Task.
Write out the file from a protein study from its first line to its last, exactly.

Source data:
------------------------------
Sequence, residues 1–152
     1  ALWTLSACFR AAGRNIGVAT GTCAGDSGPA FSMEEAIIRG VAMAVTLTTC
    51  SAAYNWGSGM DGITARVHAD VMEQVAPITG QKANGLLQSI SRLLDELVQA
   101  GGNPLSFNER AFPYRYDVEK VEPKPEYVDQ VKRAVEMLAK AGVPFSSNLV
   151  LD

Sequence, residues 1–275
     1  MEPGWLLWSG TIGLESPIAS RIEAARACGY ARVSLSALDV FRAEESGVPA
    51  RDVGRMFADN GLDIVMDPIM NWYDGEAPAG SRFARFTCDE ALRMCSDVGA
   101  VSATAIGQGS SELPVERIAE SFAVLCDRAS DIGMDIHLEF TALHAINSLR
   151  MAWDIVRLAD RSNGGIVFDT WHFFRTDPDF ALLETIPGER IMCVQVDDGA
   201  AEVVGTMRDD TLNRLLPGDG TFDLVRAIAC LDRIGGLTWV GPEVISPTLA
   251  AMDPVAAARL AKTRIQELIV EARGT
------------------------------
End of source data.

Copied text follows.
Sequence, residues 1–152
     1  ALWTLSACFR AAGRNIGVAT GTCAGDSGPA FSMEEAIIRG VAMAVTLTTC
    51  SAAYNWGSGM DGITARVHAD VMEQVAPITG QKANGLLQSI SRLLDELVQA
   101  GGNPLSFNER AFPYRYDVEK VEPKPEYVDQ VKRAVEMLAK AGVPFSSNLV
   151  LD

Sequence, residues 1–275
     1  MEPGWLLWSG TIGLESPIAS RIEAARACGY ARVSLSALDV FRAEESGVPA
    51  RDVGRMFADN GLDIVMDPIM NWYDGEAPAG SRFARFTCDE ALRMCSDVGA
   101  VSATAIGQGS SELPVERIAE SFAVLCDRAS DIGMDIHLEF TALHAINSLR
   151  MAWDIVRLAD RSNGGIVFDT WHFFRTDPDF ALLETIPGER IMCVQVDDGA
   201  AEVVGTMRDD TLNRLLPGDG TFDLVRAIAC LDRIGGLTWV GPEVISPTLA
   251  AMDPVAAARL AKTRIQELIV EARGT